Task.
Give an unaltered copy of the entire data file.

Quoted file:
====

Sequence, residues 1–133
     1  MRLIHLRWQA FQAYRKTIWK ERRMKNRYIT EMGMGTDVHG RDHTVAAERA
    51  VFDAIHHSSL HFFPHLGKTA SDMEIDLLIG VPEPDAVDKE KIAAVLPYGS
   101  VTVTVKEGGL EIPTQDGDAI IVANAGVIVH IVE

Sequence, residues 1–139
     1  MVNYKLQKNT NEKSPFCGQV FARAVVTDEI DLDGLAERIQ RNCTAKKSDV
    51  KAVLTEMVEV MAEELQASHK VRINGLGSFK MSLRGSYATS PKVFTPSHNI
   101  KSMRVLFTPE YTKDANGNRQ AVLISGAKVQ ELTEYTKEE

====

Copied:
Sequence, residues 1–133
     1  MRLIHLRWQA FQAYRKTIWK ERRMKNRYIT EMGMGTDVHG RDHTVAAERA
    51  VFDAIHHSSL HFFPHLGKTA SDMEIDLLIG VPEPDAVDKE KIAAVLPYGS
   101  VTVTVKEGGL EIPTQDGDAI IVANAGVIVH IVE

Sequence, residues 1–139
     1  MVNYKLQKNT NEKSPFCGQV FARAVVTDEI DLDGLAERIQ RNCTAKKSDV
    51  KAVLTEMVEV MAEELQASHK VRINGLGSFK MSLRGSYATS PKVFTPSHNI
   101  KSMRVLFTPE YTKDANGNRQ AVLISGAKVQ ELTEYTKEE